by John Steinberger | April 11, 2019 2:16 pm
A state Senate bill to prevent local governments from banning single-use plastic bags and styrofoam containers advanced to the full Senate Thursday, after passing in the Labor, Commerce and Industry Committee. Plastic bag bans have been enacted by 15 state municipalities to date, mostly along the coast. Lowcountry Republican Senators Sandy Senn, Sean Bennett and Tom Davis opposed the legislation (S-394), citing Home Rule. The S.C. Retail Association supports the measure.
The City of Charleston imposed its plastic bag ban in November 2018. The ordinance allowed retailers to phase out issuing the bags and containers over a year. Months later, there has not been much movement to replace the bags with alternatives. Re-usable bags can be ordered for as little as 10 cents apiece or up to 50 cents with colorful logos attached. They are not being offered at most retail outlets. Many fast food chains, including McDonald’s Starbucks, and Chick-Fil-A, have largely reduced their use of plastic and styrofoam in packaging.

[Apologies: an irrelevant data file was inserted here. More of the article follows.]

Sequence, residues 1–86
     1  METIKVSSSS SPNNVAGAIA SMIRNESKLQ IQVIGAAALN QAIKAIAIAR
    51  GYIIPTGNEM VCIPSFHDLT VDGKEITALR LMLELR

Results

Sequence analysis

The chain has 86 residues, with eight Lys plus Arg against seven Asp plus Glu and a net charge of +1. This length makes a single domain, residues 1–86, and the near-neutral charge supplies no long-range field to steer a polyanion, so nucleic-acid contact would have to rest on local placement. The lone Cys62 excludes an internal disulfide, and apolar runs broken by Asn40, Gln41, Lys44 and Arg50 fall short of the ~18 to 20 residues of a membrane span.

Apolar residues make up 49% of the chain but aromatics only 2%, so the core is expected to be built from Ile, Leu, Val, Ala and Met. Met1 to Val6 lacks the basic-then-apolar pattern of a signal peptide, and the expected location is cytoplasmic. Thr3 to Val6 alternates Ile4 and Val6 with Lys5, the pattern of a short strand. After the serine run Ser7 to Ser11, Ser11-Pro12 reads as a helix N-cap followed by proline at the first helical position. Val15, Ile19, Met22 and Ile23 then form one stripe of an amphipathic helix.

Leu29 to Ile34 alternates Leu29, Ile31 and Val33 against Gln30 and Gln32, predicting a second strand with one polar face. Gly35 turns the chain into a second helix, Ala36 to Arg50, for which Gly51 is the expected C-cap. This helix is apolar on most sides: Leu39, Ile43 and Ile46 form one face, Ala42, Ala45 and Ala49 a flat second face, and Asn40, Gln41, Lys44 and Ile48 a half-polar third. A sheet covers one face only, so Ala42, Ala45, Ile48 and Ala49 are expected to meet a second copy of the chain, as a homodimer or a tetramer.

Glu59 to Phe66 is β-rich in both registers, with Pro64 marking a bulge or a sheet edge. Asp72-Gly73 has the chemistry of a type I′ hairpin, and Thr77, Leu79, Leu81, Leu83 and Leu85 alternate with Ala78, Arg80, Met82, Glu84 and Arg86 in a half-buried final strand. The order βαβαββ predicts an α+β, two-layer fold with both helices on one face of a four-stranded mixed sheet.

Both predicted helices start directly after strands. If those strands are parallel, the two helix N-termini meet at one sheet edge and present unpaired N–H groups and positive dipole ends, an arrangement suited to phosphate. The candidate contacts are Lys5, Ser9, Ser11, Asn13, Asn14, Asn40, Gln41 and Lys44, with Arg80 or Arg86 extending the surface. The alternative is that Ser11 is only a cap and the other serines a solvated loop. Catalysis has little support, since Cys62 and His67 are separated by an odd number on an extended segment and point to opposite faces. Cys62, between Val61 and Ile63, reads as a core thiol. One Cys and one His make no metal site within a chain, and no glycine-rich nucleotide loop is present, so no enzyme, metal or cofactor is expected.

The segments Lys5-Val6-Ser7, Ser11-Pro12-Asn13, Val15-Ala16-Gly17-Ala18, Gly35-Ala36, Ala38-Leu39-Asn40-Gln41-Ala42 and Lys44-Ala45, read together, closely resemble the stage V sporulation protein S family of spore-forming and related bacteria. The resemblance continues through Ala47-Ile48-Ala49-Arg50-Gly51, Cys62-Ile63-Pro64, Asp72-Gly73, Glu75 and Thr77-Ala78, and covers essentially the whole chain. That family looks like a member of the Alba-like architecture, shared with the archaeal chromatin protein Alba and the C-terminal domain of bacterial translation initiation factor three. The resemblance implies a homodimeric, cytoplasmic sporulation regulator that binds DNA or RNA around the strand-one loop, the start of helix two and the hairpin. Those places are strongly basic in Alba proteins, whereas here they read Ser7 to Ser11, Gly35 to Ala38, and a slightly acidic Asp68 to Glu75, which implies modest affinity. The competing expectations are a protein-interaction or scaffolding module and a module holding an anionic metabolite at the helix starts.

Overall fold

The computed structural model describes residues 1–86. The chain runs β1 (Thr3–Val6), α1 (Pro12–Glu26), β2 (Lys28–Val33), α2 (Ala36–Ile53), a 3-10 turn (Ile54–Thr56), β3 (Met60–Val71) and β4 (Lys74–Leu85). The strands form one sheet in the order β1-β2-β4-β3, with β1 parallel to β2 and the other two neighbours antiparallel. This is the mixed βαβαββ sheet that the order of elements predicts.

The goal of the plastic bag ban movement is to reduce litter, but there is no campaign underway to raise awareness about the harmful impact of littering. Non-profit organizations Keep Charleston Beautiful and Palmetto Pride have access to government grant money available for anti-littering campaigns. A legendary campaign was launched in 1971, featuring a Native American shedding a tear after observing littering on a river bank.
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